Utah's counties will receive more than $2.5 million from the state to run the Western States Presidential Primary in February.

County clerks and election officials learned of their specific allocations during a meeting Wednesday with the state Elections Office.

Utah's largest-populated counties — Salt Lake, Utah, Davis, Weber, Cache and Washington — are the only counties to receive six-figure amounts. The other 23 counties will receive amounts between $53,000 and $15,000.

The primary will utilize electronic voting machines and poll workers in each county, and because fewer people turn out in primaries, most counties are considering consolidating voting districts.

Paying for poll workers and election judges and delivery of electronic voting machines can cost the counties a bundle.

Joseph Demma, chief of staff to Utah Lt. Gov. Gary Herbert, whose office runs statewide elections, said he anticipates that counties will consolidate voting locations for upcoming elections.

"We encourage it as a cost-saving measure to not purchase as many voting machines," Demma said.

To help manage the costs, Davis County will take its 95 normal voting locations and consolidate them to possibly fewer than 30, said elections specialist Brian McKenzie. During a meeting Tuesday, the Davis County Board of Commissioners voted to use the Davis Conference Center for one of Layton's consolidated districts.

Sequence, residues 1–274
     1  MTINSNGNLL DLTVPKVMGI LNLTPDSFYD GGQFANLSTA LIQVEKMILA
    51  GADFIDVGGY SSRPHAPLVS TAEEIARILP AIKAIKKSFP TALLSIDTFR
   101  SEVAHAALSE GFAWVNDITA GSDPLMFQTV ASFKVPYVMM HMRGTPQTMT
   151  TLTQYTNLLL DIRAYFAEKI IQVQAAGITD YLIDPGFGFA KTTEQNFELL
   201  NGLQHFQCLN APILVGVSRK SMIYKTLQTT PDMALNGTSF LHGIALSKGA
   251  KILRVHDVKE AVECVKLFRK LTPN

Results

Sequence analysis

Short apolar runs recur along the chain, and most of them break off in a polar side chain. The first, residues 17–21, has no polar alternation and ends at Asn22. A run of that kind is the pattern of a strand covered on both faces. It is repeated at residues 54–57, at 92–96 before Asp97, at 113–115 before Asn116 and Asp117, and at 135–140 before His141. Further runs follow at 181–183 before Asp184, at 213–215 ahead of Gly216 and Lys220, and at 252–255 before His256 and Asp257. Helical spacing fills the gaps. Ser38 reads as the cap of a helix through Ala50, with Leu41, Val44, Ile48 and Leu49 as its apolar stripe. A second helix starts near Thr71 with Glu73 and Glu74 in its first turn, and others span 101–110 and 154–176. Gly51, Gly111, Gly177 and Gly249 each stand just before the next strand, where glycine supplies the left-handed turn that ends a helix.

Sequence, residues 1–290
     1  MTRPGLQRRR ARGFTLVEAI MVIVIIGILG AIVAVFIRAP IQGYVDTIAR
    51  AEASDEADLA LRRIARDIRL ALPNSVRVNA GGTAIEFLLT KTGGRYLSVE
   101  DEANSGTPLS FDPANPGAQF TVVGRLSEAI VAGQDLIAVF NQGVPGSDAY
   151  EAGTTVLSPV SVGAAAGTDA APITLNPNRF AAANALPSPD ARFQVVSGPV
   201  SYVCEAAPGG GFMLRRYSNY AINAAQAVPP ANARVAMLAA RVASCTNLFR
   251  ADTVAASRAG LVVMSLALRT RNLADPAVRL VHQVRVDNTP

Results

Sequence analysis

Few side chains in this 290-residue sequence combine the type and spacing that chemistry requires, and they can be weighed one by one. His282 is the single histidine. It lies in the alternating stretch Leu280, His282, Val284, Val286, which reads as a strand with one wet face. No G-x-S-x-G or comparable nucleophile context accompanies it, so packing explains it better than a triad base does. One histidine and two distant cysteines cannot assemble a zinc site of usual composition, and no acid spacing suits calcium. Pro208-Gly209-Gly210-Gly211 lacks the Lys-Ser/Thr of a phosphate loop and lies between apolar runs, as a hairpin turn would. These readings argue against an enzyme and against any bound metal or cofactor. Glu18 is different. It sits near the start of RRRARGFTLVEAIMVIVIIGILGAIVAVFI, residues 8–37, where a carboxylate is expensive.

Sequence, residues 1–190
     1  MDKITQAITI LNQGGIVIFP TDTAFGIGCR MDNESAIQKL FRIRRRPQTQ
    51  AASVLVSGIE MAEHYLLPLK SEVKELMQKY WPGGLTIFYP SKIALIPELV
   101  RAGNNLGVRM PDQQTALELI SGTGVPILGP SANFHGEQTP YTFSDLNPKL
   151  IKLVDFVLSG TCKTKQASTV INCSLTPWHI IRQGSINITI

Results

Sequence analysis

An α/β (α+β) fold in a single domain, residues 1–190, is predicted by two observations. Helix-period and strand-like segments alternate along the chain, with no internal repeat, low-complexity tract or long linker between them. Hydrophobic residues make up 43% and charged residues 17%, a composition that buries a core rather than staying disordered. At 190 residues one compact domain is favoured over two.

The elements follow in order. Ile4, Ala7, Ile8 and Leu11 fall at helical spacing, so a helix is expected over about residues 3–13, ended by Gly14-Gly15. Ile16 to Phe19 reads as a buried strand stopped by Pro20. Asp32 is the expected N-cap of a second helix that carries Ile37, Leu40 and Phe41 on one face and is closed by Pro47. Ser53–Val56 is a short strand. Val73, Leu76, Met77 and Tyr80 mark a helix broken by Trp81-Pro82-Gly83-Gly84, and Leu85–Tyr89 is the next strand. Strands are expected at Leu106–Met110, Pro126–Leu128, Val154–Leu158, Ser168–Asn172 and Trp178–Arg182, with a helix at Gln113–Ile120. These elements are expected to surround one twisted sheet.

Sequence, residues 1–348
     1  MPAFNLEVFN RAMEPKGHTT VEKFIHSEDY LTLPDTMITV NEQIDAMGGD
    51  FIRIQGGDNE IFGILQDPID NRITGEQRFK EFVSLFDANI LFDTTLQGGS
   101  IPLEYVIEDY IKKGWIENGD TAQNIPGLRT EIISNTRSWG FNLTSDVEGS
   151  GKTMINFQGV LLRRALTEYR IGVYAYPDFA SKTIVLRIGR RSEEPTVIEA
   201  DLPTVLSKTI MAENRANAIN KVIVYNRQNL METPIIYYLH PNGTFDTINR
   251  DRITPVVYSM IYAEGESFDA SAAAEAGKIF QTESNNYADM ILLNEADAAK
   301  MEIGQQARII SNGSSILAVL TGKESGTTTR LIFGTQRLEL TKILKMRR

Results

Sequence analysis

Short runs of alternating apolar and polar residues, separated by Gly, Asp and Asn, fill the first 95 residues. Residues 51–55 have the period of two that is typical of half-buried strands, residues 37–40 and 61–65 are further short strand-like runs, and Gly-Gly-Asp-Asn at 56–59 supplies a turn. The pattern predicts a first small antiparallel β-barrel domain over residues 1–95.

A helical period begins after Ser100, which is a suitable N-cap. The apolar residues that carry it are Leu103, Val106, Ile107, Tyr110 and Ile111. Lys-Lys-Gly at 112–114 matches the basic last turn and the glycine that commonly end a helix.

McKenzie said that by August, he expects to have a handle on polling places for the Feb. 5 primary.

Smaller cities in the county will likely have just one voting location, said Pat Beckstead, the county's election manager. Larger cities will have at least two locations.

Scott Hogensen, chief deputy Summit County clerk, said the 30 voting locations in his county may be consolidated to five.

"I think most all of the counties are considering heavy consolidation for the Western States Presidential Primary," Hogensen said.

Salt Lake County, which used 376 voting locations in the November 2006 election, may have fewer than 200 for the primary, said chief deputy clerk Jason Yocom.

Washington County elections clerk Melanie Abplanalp said her county's 78 precincts normally combine to 45 polling locations. "We haven't really considered (consolidation) at this point," she said.

In Utah County, recent changes to precinct boundaries mean residents won't consolidate further, said Sandy Hoffmann, Utah County elections coordinator. Changes that were approved in April eliminated 33 precincts and 11 polling locations, Hoffmann said. So she wants to give the new configuration a test run.

"We're not jumping into the consolidating thing just yet," she said.

Clerks across the state already have their hands full planning for November's municipal elections and a referendum vote on a voucher law that would give $500 to $3,000 subsidies to families who want their children to attend private schools.

Weeks before the election, the clerks around the state will post notices in area newspapers to let residents know where to vote.

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